Written by 21:15 Airlines, Airfare & Airports, Travel Tips

Comparing Airfares

With airlines trying to get every nickel from every passenger, it’s important to compare airfare.  Just checking airfare on-line may not give you an accurate picture of what you’ll actually be paying for your air travel experience.  Many airlines quote only the airfare portion of your trip, which doesn’t include many add-on fees.  Unfortunately, this means you’ll have to do a bit of research and some handy calculator work to see what really may be the total cost of your trip.

So, here’s a quick list of fees you will want to investigate before you make your final airfare selection:

  • Luggage fees
  • Carry-on luggage fees
  • Overweight luggage fees
  • Seat selection fees
  • Early boarding fees
  • Food & Beverage fees
  • Cancellation/Rebooking Fees (Should your plans change unexpectedly)
  • Taxes & Surcharges

One last thing to check is to see if you can earn miles on the airfare you’re paying.  Some airlines have lower fares in exchange for not giving you any mileage credit in your frequent flyer program.  Most airlines list eligible fare classes to earn miles on their websites.

Airline loyalty may save you more in the long run

There are benefits to airline loyalty. Loyalty can bring perks.  Depending on how loyal you are, depends on the number of perks you’ll get.  If you have no loyalty, then departure time, flight time, number of connections and more than likely price become your first consideration when booking airfare.

It’s definitely no secret that “great service” is hard to come by with an airline.  (OK, OK….if you fly JetBlue, Southwest or Singapore Airlines that might not be true.)   But giving most of your business to a certain airline, can have it’s benefits.  And, the value of those benefits can add up quickly if you fly even just a few times a year.  On most airlines, you can check at least one piece of luggage for free by flying just a few trips a year.  If you fly 6 round trips a year, that can save you $300, assuming you pay $25 for the bag for each leg of the trip.  So, even if you paid $25 more per ticket for those 6 trips, you’re still saving $150.  Of course, the more you fly, the more benefits you get.

We fly United or Star Alliance carriers almost exclusively.  We use other airlines only as a last resort.  Why?  Because we have a top tier flying status with United (1K).  Now, it’s not that we LOVE the airline by any means.  But since most of our air travel departs from Denver, a large United hub, they have the most convenient flight times and gateway destinations than any other airline at the airport.  Luckily, Southwest and Frontier also have a large presence at Denver, so it keeps United’s airfares to most destinations reasonable.

So what do we get for that loyalty?  Well, quite a bit actually.  We can check up to 3 bags free each to any destination in the world.  We can also carry an extra 20 lbs per bag than other passengers (which comes in handy when you’re flying to far flung destinations).  We’re at the top of the list for domestic upgrades and should we have to ride in “the back of the bus”, we at least get seating with expanded leg room.  On international trips, we get 6 “free” business class upgrades per year.  Now, we don’t always get those upgrades, but most of the time we do.  We get to board the plane first.  Now, you may not think that’s great, but with everyone trying to carry on vs check a bag, it’s a lot nicer when you’re assured if getting to store your bag right above your seat vs half way back in the plane.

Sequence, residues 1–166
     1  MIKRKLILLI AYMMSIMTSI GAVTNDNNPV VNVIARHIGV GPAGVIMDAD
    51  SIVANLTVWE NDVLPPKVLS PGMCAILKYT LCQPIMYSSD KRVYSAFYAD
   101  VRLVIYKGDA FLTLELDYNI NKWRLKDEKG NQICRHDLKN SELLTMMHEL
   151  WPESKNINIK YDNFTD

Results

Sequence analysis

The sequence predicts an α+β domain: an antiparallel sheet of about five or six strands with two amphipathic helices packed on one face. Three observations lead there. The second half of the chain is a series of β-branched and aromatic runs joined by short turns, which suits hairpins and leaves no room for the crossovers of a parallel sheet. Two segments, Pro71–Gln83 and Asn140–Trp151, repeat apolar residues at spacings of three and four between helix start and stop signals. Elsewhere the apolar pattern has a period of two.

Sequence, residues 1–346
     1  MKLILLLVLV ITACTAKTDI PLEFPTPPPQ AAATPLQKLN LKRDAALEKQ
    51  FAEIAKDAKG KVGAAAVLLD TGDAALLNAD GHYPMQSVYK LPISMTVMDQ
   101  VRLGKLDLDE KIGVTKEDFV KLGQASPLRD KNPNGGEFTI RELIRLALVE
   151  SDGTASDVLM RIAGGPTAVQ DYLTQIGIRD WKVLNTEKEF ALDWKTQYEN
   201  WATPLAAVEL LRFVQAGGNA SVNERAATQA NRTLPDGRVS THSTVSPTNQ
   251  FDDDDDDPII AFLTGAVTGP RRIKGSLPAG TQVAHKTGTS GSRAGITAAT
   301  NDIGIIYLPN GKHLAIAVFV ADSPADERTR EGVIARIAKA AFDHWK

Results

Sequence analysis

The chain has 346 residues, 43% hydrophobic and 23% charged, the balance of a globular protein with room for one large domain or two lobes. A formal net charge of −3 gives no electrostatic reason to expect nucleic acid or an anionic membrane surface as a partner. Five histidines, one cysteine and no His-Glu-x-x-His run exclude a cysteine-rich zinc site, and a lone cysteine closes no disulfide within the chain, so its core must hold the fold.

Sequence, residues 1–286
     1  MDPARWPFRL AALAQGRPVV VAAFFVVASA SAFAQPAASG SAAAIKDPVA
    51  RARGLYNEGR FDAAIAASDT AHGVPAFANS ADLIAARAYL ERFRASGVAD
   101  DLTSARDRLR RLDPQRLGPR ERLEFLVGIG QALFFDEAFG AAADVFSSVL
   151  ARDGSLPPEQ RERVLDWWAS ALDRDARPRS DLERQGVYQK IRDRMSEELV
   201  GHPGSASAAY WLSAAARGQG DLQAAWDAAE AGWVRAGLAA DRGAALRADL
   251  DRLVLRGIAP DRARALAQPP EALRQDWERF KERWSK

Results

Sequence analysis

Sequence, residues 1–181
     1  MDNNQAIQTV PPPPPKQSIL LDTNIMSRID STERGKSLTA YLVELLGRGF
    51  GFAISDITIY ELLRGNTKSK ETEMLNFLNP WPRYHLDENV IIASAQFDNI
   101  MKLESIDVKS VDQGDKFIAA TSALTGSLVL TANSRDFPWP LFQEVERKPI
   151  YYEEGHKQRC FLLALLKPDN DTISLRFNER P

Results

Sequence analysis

Another advantage of being a loyal customer to one two airlines, is that you have the potential to receive better service, should something go wrong.  Should a flight be cancelled, airlines will usually give their frequent fliers first crack at open seats on the next available flight and probably will automatically rebook them.   Everyday customers will simply have to take their chance, probably stand in line with the masses and hope that they can get on one of the next two or three flights the carrier has available.  Loyal fliers also usually get a special customer service number to call vs being sent to the foreign call center for assistance.  When a problem arises with your travel, it can be very helpful to talk to someone who’s familiar with the way the system works.  These calls usually go to “seasoned” airline employees who have worked in a domestic call center for years and can get you’re issue resolved quickly.

So, is loyalty worth it?  

Well, you really have to decide if you want to put your eggs in one basket.  We’ve been flying United for almost 10 years and while the airline is just so-so at treating it’s premium passengers well, they are getting better.  And, if we added up what that loyalty is worth, it’s certainly worth more than the extra $20 or $40 we may spend on a ticket from time to time.  Since we fly to Asia quite a bit, I can tell you that as much as we may complain, those complaints go away when we’re sitting in Business on a 17 hour flight to Singapore at a mid-range economy fare instead of being scrunched up in the back of the bus in Economy.

As airlines continue to add fees for just about everything you can think of, loyalty to one or two carriers does look like it will become more and more advantageous.  If you’re just starting out traveling and aren’t sure who you’ll be loyal to, you should still sign up right away for the airlines frequent flyer program so you’ll start earning credit for what you do fly.


Last modified: January 2, 2014